For astronomers at the Large Millimeter Telescope in Mexico’s Puebla state, the new year began with disturbing news. Their work probing the formation and evolution of stars, planets, black holes and galaxies had been put on hold until further notice, after a spike in drug-cartel activity around Sierra Negra—the extinct volcano that hosts the telescope. The final straw came in December, when one of the facility’s employees was carjacked. Officials at the observatory—which is funded by the Mexican government and the University of Massachusetts Amherst—decided that it was no longer safe for people to go to work.

Across Mexico, drug-related violence has been on the rise for more than 12 years. The country documented 33,341 homicides last year—a record, the government said last month. Much of the surge was driven by a rise in increasingly violent drug gangs. Clashes between cartels and government security forces have driven scientists to abandon field sites, interrupt experiments or even change research interests.

Nobody has systematically documented the effects of organized crime on the Mexican research community, says David Ledesma, a spokesperson for the country’s science funding agency, the National Council for Science and Technology. But individual stories make clear that it has hampered scientific research.

Scientists are witnessing the collateral effects of something that has deeply transformed the rest of the country, says Arnulfo Blanco García, a restoration ecologist at the Michoacan University of San Nicolás de Hidalgo in Morelia. “I’ve seen it impact my youth, the economy, people’s quality of life,” he says. “This is never going to end.”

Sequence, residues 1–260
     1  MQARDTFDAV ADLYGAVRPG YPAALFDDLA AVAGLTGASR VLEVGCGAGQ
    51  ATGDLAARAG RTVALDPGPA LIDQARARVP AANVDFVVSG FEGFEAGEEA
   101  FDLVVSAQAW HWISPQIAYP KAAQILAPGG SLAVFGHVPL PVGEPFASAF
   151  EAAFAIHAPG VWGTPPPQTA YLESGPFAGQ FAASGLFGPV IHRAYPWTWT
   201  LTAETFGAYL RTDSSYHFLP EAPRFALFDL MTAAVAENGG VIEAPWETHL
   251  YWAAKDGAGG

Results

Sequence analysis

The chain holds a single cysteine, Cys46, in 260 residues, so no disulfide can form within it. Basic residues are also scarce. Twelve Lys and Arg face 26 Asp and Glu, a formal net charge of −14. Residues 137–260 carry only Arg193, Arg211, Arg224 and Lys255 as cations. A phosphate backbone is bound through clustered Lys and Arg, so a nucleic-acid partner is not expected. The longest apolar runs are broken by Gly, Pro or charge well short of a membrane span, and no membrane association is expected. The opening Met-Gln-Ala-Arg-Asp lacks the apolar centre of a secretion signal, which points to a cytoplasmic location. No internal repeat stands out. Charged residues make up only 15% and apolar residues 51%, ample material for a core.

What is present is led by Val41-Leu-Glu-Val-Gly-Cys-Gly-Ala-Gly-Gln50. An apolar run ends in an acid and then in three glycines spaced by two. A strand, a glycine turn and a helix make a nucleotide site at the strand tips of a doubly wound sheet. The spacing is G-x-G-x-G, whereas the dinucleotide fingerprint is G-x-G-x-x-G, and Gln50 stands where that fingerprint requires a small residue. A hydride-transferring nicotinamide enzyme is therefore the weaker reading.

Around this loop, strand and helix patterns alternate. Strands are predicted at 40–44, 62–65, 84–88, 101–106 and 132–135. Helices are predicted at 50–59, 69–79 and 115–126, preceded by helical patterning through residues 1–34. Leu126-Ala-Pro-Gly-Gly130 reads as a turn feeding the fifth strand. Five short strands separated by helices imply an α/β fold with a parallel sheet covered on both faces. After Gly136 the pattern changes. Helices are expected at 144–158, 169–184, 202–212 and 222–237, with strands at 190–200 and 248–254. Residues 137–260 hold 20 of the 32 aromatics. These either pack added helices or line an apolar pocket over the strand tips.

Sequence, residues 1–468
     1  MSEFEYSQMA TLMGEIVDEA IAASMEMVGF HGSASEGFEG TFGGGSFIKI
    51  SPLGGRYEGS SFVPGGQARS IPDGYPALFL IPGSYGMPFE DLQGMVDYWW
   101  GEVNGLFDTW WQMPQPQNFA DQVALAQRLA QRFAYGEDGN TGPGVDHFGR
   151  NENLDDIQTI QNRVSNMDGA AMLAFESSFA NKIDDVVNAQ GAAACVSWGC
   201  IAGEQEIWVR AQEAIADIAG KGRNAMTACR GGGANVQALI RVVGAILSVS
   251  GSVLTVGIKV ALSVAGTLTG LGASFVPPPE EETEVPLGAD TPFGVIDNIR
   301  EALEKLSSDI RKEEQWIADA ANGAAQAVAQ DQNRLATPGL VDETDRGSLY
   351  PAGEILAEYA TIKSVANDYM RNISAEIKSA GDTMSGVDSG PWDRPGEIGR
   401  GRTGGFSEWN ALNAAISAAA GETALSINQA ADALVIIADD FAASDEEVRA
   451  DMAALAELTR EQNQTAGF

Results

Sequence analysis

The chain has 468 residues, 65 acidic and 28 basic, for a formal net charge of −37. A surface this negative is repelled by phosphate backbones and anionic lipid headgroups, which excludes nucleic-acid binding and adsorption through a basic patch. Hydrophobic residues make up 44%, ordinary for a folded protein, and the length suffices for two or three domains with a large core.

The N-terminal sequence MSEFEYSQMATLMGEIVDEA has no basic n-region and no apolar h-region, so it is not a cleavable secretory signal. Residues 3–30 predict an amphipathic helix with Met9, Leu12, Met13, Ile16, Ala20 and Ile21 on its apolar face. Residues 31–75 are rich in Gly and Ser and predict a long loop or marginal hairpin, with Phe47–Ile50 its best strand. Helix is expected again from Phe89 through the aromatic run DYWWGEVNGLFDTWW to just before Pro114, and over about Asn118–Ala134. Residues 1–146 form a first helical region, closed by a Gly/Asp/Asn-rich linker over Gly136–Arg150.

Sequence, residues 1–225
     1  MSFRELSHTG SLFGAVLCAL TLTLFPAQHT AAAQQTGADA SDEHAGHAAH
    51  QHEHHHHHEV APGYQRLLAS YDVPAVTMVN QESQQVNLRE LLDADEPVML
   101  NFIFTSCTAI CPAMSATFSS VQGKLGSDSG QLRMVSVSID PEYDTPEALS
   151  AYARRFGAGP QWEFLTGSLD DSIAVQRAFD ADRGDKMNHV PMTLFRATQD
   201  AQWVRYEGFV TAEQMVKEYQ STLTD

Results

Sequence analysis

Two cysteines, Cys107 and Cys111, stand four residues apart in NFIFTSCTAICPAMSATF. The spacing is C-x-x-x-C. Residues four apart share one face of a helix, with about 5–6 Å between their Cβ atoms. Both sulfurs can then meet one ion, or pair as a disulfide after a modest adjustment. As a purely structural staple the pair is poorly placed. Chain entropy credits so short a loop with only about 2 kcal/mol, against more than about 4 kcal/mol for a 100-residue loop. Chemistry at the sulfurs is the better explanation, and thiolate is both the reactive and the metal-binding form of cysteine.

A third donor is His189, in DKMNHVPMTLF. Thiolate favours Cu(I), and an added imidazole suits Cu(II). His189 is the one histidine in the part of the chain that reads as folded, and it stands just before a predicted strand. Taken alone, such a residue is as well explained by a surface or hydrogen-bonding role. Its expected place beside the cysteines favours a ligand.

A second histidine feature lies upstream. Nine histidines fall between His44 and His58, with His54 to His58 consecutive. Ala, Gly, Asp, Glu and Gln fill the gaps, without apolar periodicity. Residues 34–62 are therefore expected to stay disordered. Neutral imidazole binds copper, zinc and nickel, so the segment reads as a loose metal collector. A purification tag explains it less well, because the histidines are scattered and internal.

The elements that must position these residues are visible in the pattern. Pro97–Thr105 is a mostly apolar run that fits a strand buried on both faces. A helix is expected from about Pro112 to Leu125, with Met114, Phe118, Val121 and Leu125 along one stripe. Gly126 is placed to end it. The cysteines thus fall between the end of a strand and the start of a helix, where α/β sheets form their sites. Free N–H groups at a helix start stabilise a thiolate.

The black market for petrol is driving violence near the Large Millimeter Telescope (LMT), says David Hughes, an astronomer at the National Institute of Astrophysics, Optics and Electronics (INAOE) and director of the telescope. Fuel pipelines pass very close to Sierra Negra, and the area has become more dangerous as Mexico’s drug cartels have moved in to tap the pipelines and sell the stolen petrol.

But the damage caused by drug-related violence cuts across scientific fields. On 28 January, Blanco García got a phone call from one of his collaborators in Tierra Caliente, an area disputed by feuding drug cartels. Community members who worked with Blanco García had received death threats from local gangs who wanted them to stop monitoring populations of military macaws (Ara militaris), a vulnerable species of parrot. The cartels felt the research had focused too many curious eyes on the area.

“I cried out of frustration,” Blanco García says. He was supposed to visit his colleagues in late January, but now he’s not sure when he’ll return.

International collaborations have also suffered. Three years ago, Bryan Fry, a venom researcher at the University of Queensland in Australia, and his Mexican colleagues had to stop visiting a cave at their field site near Cuernavaca, where they were studying vampire bats (Desmondus rotundus). A drug trafficking route runs through the area, and fighting between cartels and the military made fieldwork extremely dangerous, especially at night.